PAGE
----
Productivity

The pandemic stay-at-home orders that emptied office buildings have many employers questioning their future square-footage needs. As businesses struggle through 2020, the lost benefits of having employees gathered in a single environment are becoming clearer, especially in terms of productivity.

Employee homes and apartments were never designed as work spaces. All of life’s distractions are within a 20-step distance in the typical residence. That COVID-19 weight gain? It happened while employees were working from home and making frequent trips to the kitchen. While offices may also have their distractions, removing employees from the focus-draining conditions in their homes allows them to fall into “the zone,” where they do their best work.

All business leaders should carefully consider how to enhance their productivity zones as workers return to the office because—for many employees—the zone is not at their kitchen table.

Collaboration

The pandemic has thrust business owners into survival mode, forcing them to slash budgets and allow staff to work from home. Months into this crisis, the cost of having a dispersed workforce includes a diminished ability to collaborate.

Most businesses can’t succeed unless their employees work together effectively. Collaboration is built through workplace relationships, which tend to breakdown when workers are remote. The simple act of two or three employees sitting down for coffee or lunch strengthens workplace bonds and enhances collaboration.

For more than a century, companies relied on face-to-face collaboration to achieve business strategies. As questions arise about the future of the office, executives must look beyond real estate costs and carefully consider how their organizations’ ability to collaborate will be affected by remote working.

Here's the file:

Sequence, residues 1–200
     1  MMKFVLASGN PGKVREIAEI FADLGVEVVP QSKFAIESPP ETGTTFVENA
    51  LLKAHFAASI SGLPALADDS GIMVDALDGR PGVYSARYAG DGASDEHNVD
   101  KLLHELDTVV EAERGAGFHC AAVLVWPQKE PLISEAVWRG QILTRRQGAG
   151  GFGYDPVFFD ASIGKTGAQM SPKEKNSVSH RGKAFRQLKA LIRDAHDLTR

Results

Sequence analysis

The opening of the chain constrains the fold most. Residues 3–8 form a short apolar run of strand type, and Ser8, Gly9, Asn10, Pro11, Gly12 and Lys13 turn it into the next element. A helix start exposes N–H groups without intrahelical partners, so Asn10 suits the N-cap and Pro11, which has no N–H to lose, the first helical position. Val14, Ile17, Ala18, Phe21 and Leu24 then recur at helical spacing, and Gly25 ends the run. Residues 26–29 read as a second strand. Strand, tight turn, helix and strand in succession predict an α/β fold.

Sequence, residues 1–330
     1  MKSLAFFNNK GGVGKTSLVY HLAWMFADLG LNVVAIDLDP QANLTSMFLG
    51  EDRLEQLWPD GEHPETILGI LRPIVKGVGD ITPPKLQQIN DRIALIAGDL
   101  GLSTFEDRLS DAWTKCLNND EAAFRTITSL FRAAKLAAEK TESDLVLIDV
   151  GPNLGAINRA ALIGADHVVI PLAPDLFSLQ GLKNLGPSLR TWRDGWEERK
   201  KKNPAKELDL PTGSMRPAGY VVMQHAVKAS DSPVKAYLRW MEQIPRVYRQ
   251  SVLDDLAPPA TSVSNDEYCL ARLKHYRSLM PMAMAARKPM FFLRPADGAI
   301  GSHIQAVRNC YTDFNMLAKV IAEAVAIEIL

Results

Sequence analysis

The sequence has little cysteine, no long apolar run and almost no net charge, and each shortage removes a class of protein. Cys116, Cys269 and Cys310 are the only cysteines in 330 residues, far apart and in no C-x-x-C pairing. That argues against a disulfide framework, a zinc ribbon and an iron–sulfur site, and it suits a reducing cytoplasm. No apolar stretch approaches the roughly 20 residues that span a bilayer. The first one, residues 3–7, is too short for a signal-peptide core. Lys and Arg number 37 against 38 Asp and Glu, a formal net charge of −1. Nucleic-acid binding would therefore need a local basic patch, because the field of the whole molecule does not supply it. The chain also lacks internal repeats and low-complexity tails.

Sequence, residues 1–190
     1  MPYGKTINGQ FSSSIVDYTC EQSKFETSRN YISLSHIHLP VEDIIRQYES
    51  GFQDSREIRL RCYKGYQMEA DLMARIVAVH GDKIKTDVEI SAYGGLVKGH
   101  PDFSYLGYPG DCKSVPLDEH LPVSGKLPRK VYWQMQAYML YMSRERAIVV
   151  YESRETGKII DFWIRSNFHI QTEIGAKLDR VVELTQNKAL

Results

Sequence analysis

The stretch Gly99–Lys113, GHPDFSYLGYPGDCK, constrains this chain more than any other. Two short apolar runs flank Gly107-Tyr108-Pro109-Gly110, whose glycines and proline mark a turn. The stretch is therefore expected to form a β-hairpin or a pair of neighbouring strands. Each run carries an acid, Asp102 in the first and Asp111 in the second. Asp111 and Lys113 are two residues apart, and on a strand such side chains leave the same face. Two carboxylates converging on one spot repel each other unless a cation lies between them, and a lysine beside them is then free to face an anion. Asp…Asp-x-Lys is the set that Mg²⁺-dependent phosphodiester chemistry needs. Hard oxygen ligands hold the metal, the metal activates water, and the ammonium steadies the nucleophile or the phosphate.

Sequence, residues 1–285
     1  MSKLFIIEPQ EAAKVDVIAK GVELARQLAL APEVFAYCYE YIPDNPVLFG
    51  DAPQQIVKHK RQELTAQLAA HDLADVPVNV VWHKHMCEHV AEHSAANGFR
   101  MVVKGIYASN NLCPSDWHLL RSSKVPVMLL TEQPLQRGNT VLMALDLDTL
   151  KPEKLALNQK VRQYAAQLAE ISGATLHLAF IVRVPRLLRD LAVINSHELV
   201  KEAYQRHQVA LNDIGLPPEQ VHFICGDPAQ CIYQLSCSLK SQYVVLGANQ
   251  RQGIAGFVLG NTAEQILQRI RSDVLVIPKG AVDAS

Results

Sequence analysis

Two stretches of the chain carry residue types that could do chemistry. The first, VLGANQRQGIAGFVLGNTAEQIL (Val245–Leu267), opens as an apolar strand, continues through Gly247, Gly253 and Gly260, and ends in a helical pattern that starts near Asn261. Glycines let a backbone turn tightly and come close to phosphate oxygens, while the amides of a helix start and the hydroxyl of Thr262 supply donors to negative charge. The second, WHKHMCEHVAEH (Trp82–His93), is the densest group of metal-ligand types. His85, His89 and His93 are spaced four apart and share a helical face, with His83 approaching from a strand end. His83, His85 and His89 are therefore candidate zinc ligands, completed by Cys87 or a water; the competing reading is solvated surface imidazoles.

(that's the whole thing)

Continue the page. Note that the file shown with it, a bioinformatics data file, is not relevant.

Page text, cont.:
Creativity

Working from home is not a replacement for the office. In fact, it’s becoming clear that businesses across many sectors need congregated employees to remain creative.

Great ideas might emerge during online meetings, but those flashes of inspiration might occur more often when a couple of employees bump into each other by the office coffee machine. Anyone who has ever sat in a room full of excited employees knows that the best brainstorming happens when people are together in a room, riffing on each other’s contributions.

Creativity is essential to innovation and new ways of doing businesses. Often, it is casual conversation amid cubicles or in the break room that lead to revolutionary ideas. A business owner must consider the risk to their company’s wellspring of creativity when weighing the value of office space.

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